Wow. It’s been three? four? years since I took the first step to move my website from HTML to WordPress. It’s been a journey.
First I hired a web design company to help set up the new site. That was a good decision at the beginning, but it went downhill after that. Most of what was set up was undone in later stages.
One of the things I wanted from a company was to convert my HTML pages to WP. But according to the web design guru, that wasn’t just an easy switch flip. I had to copy and paste EVERY page from HTML to WP. I try not to know how many pages there really are on this site, but it seems I saw a number between 2300 to 2500 pages at one time. That’s really no surprise, considering Jandy’s Reading Room has been around 16 years. I read and review more than 100 books a year – perhaps 150 per year. Each review has its own page. Then there are the reviews others contribute. There are the navigation pages. And a few other miscellaneous pages. It took a little over a year to get those into the WP format.
Next the site needed to be put together with navigation, etc. The designer set up custom fields and custom pages for me. But the custom fields didn’t work the way I wanted. I couldn’t use them to set up a page for navigation – for example using a custom field for authors to then be used to create an author’s navigation page. I tried to explain what I wanted. First he said it could be done, but when I provided details he said it couldn’t. I had to create all new navigation pages – with the links to the new pages, of course.
Most of my pages have an Amazon link to the book from the review. Many have links to the Better World Books used books site. The designer set up custom fields. But they couldn’t be automatically be inserted on each page the way I wanted. I had to go back to EVERY book review page and add the links. I finally kept the Amazon link on each page but put a generic BWB link in the right sidebar.
Then there was the star rating issue. I searched WP for different plug ins. Of the group, he recommended one that worked well. It did, too, until WP upgraded to a new version that it didn’t like. All of the ratings I carefully added to EVERY review page disappeared. I found another plug in, added it, and started all over again. Admittedly, this plug in works better and is more flexible.
We also have to consider my perfectionist streak. “Hmmm, I think this would look better.” So I’d have to change the pages that I had already completed. “That’s pretty cool – I like that plug in.” Repeat changes.
One of the enhancements I am most proud of is the series lists you’ll find in the right sidebar of books that are part of series. Those lists usually show all the books in the series (i.e. Anne Perry’s William Monk series) with links to the reviews of the books I’ve read. The books without reviews still appear in the list but don’t have a link. Someone visiting the site can see the books in the series (as of the last time I updated the series list, of course). When I started the conversion, the designer said there was no widget or plugin that could do what I wanted. Drupal had one, but not WP. But the last few WP version upgrades finally included a wonderful widget with that capability. Of course that meant I had to go to all those reviews and add the series widget coding. At least that didn’t include EVERY page…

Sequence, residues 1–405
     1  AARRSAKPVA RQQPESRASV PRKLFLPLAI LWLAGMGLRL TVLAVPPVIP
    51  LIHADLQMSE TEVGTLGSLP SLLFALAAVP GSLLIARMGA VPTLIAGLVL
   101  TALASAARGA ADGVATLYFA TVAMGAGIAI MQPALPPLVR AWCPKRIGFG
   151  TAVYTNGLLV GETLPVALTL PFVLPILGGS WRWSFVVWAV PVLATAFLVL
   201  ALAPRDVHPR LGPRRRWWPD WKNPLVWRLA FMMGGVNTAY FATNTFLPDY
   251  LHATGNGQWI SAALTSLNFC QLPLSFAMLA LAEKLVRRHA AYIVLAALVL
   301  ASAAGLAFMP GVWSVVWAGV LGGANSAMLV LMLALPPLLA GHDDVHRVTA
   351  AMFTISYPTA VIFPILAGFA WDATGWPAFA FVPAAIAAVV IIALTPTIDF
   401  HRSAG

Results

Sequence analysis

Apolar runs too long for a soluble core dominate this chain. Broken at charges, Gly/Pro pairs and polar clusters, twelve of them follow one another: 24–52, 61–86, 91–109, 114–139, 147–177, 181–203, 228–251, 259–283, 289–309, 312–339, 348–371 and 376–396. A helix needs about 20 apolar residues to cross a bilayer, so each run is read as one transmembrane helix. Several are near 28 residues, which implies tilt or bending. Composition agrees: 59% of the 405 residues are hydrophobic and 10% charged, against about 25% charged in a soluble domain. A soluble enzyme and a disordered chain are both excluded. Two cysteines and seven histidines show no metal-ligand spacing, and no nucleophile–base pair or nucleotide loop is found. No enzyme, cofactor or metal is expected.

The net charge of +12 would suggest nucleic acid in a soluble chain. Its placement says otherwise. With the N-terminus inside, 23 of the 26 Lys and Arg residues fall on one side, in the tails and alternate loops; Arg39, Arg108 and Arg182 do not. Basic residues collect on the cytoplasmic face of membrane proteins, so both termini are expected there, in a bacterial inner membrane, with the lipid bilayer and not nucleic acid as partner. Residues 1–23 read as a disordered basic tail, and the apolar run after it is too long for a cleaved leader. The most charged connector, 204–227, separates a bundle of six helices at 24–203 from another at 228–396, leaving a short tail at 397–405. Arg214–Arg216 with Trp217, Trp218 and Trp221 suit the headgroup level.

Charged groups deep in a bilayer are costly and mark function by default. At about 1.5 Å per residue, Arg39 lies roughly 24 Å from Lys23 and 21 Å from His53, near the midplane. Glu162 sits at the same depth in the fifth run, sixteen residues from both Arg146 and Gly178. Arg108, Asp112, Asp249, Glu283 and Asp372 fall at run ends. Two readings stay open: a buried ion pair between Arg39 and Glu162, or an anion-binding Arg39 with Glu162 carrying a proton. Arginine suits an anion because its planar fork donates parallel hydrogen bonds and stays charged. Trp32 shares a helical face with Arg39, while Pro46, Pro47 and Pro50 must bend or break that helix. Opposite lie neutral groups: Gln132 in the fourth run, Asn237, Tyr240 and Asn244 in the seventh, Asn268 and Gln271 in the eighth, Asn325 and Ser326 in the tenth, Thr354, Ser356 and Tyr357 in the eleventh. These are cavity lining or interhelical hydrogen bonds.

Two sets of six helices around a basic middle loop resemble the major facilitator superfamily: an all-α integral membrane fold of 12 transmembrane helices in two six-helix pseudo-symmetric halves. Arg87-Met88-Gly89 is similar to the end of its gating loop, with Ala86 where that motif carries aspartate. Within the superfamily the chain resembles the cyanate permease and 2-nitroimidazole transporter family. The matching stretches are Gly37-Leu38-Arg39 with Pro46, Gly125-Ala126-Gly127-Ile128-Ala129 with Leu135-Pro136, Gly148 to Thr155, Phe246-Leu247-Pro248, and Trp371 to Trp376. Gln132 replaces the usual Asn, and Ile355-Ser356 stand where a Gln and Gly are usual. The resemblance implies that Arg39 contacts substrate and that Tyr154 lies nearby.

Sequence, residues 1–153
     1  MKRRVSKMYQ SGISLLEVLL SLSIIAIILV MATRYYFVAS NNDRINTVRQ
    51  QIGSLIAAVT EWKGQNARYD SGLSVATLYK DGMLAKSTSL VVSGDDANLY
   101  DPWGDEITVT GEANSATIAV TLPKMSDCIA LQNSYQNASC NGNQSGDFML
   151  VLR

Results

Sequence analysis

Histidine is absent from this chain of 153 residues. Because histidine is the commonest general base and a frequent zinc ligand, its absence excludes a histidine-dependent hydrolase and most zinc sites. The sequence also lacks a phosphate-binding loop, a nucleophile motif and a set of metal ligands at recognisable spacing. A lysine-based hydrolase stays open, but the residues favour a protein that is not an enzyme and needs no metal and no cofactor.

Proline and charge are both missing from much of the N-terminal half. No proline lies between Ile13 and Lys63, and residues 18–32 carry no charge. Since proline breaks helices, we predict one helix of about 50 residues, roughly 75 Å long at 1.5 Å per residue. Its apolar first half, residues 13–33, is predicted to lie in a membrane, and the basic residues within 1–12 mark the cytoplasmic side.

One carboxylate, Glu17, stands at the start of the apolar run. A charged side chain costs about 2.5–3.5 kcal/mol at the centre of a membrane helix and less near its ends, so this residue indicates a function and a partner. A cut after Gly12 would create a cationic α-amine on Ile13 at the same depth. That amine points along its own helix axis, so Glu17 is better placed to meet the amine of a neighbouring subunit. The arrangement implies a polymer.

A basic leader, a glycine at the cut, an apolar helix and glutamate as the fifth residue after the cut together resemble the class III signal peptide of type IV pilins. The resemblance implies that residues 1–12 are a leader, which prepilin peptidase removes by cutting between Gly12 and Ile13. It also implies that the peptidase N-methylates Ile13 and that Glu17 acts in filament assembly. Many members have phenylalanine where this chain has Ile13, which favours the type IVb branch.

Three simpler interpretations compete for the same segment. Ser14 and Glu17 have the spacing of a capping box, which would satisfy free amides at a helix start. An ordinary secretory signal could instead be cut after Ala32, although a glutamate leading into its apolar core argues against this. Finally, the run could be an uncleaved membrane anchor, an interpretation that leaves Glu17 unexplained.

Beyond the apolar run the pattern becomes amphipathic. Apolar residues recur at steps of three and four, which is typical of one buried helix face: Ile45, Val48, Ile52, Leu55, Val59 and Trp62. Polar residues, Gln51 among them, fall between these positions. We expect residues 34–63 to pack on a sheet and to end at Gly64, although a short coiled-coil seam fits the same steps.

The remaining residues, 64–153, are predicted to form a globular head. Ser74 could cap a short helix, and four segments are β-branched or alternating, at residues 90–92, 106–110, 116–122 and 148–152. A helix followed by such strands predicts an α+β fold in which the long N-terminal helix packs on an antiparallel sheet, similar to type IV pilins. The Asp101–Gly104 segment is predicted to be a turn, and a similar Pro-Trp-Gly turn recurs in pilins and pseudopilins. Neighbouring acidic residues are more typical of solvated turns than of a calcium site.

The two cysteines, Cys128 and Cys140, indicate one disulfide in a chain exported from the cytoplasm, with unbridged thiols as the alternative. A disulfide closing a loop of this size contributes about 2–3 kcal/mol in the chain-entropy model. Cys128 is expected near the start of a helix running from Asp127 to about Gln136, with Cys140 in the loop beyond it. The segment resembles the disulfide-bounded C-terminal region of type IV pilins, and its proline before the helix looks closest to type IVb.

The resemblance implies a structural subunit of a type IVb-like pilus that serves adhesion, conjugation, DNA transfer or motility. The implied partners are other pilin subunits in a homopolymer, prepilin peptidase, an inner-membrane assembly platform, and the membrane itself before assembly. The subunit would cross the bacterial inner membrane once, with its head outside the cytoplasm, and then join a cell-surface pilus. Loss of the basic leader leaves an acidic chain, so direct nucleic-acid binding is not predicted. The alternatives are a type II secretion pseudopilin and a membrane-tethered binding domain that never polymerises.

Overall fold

There’s still one minor kink to work out. I’m having trouble with the OpenBook plug in you’ll find on older reviews. That’s next on my list.
The designer was supposed to help me transfer from the temporary server to the final WP hosting server. That didn’t really happen. Instead my deposit was now spent. I began to get stern emails to move the site because they needed the space. (You’ll notice I didn’t discuss the number of times the server went off line because they forgot someone was using it and they did an upgrade that didn’t include it…) Fortunately, my current host and WP had good help on that part. I was able to get it transferred. (I was proud of myself when that went smoothly.) Rather than purchase more designer time (per our original contract), I parted ways with the designer.
One caveat – I highly recommend if you decide to work with a web designer, choose someone who specializes in your type of site. The company I chose has a lot of corporate clients. While it is small itself (four employees at most), the sites it cares for are radically different from mine. I was very small potatoes for them, and after the initial few months, I was forgotten until I sent enough emails to get a question answered. I am not going to name the company, but if anyone were to ask for a recommendation, they would get a bad one from me.
So I’ve fixed all the visible elements, i.e. the star ratings, the book cover pictures, the front page showing what I’ve read recently in different genres, the series lists, and almost everything else I can think of. I’m feeling a little lost – this site upgrade has taken up a lot of spare time. What do I do now when I’m watching television?